Mathematical models to explain the origin of urban scaling laws: a synthetic review

Fabiano L. Ribeiro, Diego Rybski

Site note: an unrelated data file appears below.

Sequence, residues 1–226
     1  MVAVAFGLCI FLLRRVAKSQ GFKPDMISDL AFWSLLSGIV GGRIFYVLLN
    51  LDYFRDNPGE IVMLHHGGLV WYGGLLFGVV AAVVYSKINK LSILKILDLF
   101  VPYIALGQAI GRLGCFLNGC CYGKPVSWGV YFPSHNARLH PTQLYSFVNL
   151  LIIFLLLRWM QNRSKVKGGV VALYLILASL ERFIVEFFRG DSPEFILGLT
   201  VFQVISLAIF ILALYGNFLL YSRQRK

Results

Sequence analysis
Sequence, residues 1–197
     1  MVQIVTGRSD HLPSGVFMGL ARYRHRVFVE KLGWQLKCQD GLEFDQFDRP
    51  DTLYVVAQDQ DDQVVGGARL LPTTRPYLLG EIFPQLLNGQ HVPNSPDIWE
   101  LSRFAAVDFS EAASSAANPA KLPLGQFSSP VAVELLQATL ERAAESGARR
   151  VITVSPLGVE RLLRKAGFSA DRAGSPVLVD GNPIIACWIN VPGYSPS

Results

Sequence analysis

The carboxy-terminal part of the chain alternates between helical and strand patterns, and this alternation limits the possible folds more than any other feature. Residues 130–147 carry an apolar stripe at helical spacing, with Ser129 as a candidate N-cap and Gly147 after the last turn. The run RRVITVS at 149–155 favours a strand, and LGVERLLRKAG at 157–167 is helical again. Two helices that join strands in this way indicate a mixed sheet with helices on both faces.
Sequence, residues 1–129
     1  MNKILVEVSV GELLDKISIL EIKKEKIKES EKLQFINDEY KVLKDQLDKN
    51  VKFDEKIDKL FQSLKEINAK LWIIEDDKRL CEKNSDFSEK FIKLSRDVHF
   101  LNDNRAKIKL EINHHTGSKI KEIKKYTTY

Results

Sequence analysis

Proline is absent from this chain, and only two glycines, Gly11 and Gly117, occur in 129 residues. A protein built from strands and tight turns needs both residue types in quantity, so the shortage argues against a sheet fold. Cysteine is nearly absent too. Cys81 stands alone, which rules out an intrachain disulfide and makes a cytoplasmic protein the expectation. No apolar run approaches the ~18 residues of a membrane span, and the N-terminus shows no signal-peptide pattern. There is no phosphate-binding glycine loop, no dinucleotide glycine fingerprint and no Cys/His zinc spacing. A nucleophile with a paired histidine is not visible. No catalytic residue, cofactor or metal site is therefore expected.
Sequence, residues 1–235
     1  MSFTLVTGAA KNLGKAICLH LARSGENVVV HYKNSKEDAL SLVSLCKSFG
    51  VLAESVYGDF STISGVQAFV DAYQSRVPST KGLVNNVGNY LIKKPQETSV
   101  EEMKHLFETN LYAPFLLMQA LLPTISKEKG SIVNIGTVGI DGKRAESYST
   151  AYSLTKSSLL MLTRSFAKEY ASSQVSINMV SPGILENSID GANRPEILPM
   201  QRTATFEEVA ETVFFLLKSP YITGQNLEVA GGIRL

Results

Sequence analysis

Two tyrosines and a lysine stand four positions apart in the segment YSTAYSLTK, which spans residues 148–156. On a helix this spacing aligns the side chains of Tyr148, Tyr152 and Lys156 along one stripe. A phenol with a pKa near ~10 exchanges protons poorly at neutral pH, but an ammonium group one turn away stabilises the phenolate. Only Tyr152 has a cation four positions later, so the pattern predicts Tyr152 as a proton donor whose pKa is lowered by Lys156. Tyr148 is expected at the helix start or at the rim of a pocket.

The quest for a theory of cities that could offer a quantitative and systematic approach to manage cities is at the top priority, given the challenges humanity faces due to the increasing urbanization and densification of cities. If such a theory is feasible, then its formulation must be in a mathematical way. As a contribution to organizing the mathematical ideas that deal with such a systematic way of understanding urban phenomena, we present this material, concentrating on one important aspect of what recently has been called the new science of cities. In this paper, we review the main mathematical models present in the literature that aim at explaining the origin and emergence of urban scaling. We intend to present the models, identify similarities and connections between them, and find situations in which different models lead to the same output. In addition, we report situations in which some ideas initially introduced in a particular model can also be introduced in another model, generating more diversification and increasing the scope of the models. The models treated in this paper explain urban scaling from different premises: from gravity ideas, passing through densification ideas and cites’ geometry, to a hierarchical organization and socio-network properties. We also investigate scenarios in which these different fundamental ideas could be interpreted as similar — where the similarity is likely but not obvious. Furthermore, in what concerns the gravity idea, we propose a general framework that includes all gravity models analyzed as a particular case.

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